*Download powerpoint slides from this talk [care: large file]
August 20th 2010
Presenter: Alexanne Don
Title: “Negotiating affiliation and legitimating verbal behaviour in written interaction”
This talk discusses the way that verbal behaviour may be responded to in ways that serve to position interactants along a number of interpersonal dimensions: Contact (affiliation), Status (reciprocity), and Axiology (alignment). Through publicly signalling dis/alignment, responses can also act to ratify or legitimate the verbal behaviour and hence contribute to the negotiation over time of group practices or ‘norms’, as well as individual ‘identities’ within the group. Several excerpts from an electronically-mediated written conversation are discussed using a set of tenor dimensions which reference positions either ‘latent’ and/or ‘emerging’ in the discourse community. These dimensions may be used to track the interpersonal positioning effected in the texts as unfolding logogenetically within each text, and phylogenetically within the discourse community in the study – and as potentially effected in discourse in general. The interpersonal (tenor) dimensions referred to here are partially activated through the use of the resources of Appraisal – Attitude and their targets in particular – and therefore the discussion highlights several evaluative elements in the texts.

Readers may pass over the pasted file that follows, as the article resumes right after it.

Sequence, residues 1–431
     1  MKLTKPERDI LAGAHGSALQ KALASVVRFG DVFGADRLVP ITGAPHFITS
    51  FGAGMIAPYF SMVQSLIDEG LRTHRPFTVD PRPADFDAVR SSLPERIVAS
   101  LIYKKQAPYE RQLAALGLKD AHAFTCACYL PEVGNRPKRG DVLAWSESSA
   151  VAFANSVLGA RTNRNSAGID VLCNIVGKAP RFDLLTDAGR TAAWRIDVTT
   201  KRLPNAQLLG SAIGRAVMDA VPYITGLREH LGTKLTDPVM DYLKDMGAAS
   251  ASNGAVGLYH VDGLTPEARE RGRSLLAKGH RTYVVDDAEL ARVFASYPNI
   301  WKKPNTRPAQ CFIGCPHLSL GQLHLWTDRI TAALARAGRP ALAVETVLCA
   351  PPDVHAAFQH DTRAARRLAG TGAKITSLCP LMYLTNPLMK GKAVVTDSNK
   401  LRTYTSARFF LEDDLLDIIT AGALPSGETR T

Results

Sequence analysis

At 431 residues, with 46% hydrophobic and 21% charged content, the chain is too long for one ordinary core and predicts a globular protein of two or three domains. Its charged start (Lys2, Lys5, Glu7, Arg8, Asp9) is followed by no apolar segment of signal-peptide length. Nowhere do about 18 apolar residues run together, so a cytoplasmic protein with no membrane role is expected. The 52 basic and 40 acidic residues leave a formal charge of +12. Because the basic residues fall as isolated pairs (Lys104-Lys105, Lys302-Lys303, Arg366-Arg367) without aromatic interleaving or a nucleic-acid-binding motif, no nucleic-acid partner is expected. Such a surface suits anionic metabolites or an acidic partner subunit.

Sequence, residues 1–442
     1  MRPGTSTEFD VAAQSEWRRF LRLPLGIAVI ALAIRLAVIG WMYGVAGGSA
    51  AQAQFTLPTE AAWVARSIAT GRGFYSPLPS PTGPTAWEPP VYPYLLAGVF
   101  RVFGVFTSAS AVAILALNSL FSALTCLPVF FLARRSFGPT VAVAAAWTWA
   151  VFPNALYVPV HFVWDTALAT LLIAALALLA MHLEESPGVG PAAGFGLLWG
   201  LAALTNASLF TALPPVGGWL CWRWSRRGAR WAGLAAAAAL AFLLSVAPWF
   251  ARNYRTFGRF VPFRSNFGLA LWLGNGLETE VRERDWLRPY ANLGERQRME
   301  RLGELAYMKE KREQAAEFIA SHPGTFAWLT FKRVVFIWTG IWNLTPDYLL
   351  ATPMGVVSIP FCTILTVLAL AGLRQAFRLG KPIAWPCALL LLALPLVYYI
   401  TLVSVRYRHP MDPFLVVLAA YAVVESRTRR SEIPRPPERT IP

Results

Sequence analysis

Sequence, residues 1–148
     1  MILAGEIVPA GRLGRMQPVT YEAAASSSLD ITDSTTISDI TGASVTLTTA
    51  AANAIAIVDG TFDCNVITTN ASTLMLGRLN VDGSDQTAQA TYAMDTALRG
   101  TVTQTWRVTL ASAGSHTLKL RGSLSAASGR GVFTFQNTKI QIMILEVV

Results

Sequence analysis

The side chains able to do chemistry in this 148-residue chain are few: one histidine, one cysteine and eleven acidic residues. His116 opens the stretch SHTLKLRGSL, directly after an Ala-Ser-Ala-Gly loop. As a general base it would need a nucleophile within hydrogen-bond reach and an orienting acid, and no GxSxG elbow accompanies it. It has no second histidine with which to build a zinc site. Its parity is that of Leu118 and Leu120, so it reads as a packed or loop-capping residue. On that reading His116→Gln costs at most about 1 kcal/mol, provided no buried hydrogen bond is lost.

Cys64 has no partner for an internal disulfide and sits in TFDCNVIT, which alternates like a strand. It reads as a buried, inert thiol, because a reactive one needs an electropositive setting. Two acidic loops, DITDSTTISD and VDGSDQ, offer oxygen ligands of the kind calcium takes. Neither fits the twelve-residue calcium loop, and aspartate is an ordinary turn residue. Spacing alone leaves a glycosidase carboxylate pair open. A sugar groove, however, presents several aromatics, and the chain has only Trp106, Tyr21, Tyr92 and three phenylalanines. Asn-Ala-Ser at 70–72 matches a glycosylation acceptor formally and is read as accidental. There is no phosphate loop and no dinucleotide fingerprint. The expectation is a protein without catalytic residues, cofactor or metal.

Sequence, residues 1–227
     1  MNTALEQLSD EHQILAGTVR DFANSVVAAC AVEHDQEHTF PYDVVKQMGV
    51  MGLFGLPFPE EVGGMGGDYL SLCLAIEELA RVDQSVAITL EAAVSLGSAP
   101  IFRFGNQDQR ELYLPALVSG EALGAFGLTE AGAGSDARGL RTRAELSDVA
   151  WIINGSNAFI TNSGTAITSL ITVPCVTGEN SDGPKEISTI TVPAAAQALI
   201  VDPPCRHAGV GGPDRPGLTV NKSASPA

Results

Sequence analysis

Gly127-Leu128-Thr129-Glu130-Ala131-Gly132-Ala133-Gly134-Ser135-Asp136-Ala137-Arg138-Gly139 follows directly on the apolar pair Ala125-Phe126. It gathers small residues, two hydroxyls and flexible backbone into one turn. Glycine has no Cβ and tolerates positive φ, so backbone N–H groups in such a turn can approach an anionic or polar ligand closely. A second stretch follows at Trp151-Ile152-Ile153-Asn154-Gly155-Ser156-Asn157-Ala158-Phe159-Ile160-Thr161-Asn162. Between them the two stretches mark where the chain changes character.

*Download powerpoint slides of the presentation
August 27th 2010
Presenters: Frances Christie & Karl Maton
Title: “SFL theory and semantic gravity”
This talk will outline matters discussed at the recent Sixth International Basil Bernstein Symposium in Brisbane. The aim was to present two texts written by students in Year 12 as part of HSC English studies, concerning the theme of ‘The Journey’. (A paper on the same subject was given by Fran and Sally Humphrey a couple of years ago). The object, using SFL theory will be to investigate the meanings students are required to make and the ‘gazes’ (Bernstein 2000) they must acquire in undertaking the study of ‘The Journey’. Fran will outline the nature of the question and identify features of the two texts that reveal why one was highly regarded, while the other was not. Karl will then develop his account of the texts using his notion of semantic gravity. Overall, our interest will be in showing how the two theories can usefully complement each other.
* Click on this link to view slides and hear presentation by Fran & Karl. May take about 30 seconds to load depending on your connect speed.
September 3rd 2010
Presenter: Dr Claire Scott,
Language Centre, University of Wollongong